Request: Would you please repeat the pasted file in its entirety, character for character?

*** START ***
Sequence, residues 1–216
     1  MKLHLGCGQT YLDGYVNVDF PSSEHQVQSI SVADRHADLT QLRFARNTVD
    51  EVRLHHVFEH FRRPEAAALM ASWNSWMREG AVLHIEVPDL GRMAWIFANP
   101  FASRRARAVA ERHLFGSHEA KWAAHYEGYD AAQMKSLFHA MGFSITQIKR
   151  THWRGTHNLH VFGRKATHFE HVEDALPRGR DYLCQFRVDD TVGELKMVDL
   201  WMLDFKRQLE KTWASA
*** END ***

Sequence, residues 1–216
     1  MKLHLGCGQT YLDGYVNVDF PSSEHQVQSI SVADRHADLT QLRFARNTVD
    51  EVRLHHVFEH FRRPEAAALM ASWNSWMREG AVLHIEVPDL GRMAWIFANP
   101  FASRRARAVA ERHLFGSHEA KWAAHYEGYD AAQMKSLFHA MGFSITQIKR
   151  THWRGTHNLH VFGRKATHFE HVEDALPRGR DYLCQFRVDD TVGELKMVDL
   201  WMLDFKRQLE KTWASA